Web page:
You’re anxious, and that’s OK. The natural reaction that most people go through is to wrestle with their anxiety, push it under the rug, force themselves to feel better (by ignoring, not by coping), and attempt to avoid the fearful situation.
That doesn’t really help, does it?
It’s OK to accept your feelings. Accept the situation and the anxiety that goes along with it. You’re afraid. You don’t have to tell everyone you know that you’re afraid and you don’t have to like it. But you do have to accept it.
This allows you to accept reality as it is. When we do that, then we can better deal with our feelings. It lets us get to the heart of the matter (what’s really bothering me?) and is extremely liberating. Yes, liberating.
You can cast off the illusions that your feelings aren’t really your feelings. Accepting what is actually happening is a huge step towards feeling better, both in the moment and long term.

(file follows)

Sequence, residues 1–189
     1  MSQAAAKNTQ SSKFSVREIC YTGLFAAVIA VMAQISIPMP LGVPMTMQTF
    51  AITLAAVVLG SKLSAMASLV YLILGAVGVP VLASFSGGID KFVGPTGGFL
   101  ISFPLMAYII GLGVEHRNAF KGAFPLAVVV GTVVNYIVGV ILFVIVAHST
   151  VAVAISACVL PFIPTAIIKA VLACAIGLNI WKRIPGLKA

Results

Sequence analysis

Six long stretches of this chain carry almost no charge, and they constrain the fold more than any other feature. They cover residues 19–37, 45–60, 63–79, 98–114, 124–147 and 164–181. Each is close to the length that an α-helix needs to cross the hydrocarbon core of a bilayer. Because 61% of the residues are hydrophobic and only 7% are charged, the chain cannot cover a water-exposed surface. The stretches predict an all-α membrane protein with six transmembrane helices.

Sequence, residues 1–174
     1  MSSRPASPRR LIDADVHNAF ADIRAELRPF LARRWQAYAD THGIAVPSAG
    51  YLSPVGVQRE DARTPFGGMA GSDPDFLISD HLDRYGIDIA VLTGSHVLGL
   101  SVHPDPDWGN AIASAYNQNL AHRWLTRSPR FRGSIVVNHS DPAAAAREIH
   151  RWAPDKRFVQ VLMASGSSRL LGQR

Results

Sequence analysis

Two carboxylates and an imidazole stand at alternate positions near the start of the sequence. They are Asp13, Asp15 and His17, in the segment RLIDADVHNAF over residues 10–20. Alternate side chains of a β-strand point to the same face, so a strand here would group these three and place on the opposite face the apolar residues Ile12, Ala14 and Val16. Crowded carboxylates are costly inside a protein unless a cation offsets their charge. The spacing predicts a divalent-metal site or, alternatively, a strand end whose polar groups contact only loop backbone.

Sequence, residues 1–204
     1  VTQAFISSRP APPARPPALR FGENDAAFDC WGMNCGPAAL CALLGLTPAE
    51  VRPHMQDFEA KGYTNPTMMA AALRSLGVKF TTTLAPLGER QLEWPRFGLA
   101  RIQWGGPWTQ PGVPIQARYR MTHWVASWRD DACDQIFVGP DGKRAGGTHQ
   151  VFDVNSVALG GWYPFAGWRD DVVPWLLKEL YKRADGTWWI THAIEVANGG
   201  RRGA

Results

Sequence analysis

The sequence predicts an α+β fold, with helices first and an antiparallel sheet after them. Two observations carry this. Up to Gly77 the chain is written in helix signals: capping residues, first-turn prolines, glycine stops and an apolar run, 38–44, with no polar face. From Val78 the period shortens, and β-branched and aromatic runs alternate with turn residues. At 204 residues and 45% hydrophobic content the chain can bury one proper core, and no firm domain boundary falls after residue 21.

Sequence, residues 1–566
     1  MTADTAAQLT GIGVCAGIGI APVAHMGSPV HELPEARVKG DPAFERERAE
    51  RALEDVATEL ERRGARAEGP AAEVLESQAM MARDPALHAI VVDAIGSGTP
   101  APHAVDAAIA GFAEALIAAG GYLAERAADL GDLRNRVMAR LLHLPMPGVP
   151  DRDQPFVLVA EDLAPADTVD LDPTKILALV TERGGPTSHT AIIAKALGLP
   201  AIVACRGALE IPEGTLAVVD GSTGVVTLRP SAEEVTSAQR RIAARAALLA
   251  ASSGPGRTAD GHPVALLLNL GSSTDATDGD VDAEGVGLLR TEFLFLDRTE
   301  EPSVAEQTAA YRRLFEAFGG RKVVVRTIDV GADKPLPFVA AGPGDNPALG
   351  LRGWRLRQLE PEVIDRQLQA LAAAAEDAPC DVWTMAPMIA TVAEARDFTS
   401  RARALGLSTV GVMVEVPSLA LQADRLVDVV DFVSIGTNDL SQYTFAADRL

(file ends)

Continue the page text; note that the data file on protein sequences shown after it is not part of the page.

Change Your Stance
Do you know what your body instinctively does when you’re in danger? You begin to hunch. You try to cover your vital areas like your chest and stomach. We can’t have those organs damaged. Your body knows what to do in the face of danger, but as we’ve covered, the danger isn’t real and only exists in the mind.
Changing your stance is so simple an idea it sounds like it wouldn’t work, but it really does. Right now you’re in a defensive stance, so how can we change that? Bring your shoulders back, open your chest, and sit with your feet apart. Or stand. Standing works great as well for this exercise.
Another benefit of this is that it may reduce the sore muscles often associated with tensing (another common anxiety symptom). This stance puts you in control of the situation and should reduce feelings of helplessness in the face of invisible danger.
Question Your Thoughts
Your thoughts are legitimate, don’t let me say otherwise. However, I want you to change how you relate to your anxious thinking. Really listen to yourself and what your mind is telling you. You’re likely hearing that the danger (whatever it might be) will kill you and is impossible to overcome.
This probably isn’t true.